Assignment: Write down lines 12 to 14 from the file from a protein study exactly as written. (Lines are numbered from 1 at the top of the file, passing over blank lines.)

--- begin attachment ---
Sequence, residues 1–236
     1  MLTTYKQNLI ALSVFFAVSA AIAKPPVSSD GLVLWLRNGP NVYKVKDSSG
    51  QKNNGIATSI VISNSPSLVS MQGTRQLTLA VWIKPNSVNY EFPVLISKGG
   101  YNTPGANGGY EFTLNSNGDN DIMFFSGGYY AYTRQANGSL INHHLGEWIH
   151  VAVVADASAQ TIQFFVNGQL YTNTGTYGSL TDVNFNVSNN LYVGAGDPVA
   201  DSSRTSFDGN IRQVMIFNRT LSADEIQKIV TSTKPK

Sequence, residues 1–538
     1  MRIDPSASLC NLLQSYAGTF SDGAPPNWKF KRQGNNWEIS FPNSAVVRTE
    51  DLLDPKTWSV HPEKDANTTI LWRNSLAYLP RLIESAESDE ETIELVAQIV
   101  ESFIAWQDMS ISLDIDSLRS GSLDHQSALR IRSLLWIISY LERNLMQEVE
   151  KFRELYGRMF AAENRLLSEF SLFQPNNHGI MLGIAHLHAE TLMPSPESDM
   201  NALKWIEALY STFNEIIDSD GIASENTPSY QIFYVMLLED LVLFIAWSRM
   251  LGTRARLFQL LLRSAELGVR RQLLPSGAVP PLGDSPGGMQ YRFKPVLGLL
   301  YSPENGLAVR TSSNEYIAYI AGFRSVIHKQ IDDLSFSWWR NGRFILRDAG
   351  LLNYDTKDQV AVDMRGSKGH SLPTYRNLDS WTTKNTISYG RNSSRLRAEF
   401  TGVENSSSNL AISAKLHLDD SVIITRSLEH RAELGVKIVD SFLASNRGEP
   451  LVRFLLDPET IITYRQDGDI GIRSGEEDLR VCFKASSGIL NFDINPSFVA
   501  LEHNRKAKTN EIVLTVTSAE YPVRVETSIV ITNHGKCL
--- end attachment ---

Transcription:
   201  NALKWIEALY STFNEIIDSD GIASENTPSY QIFYVMLLED LVLFIAWSRM
   251  LGTRARLFQL LLRSAELGVR RQLLPSGAVP PLGDSPGGMQ YRFKPVLGLL
   301  YSPENGLAVR TSSNEYIAYI AGFRSVIHKQ IDDLSFSWWR NGRFILRDAG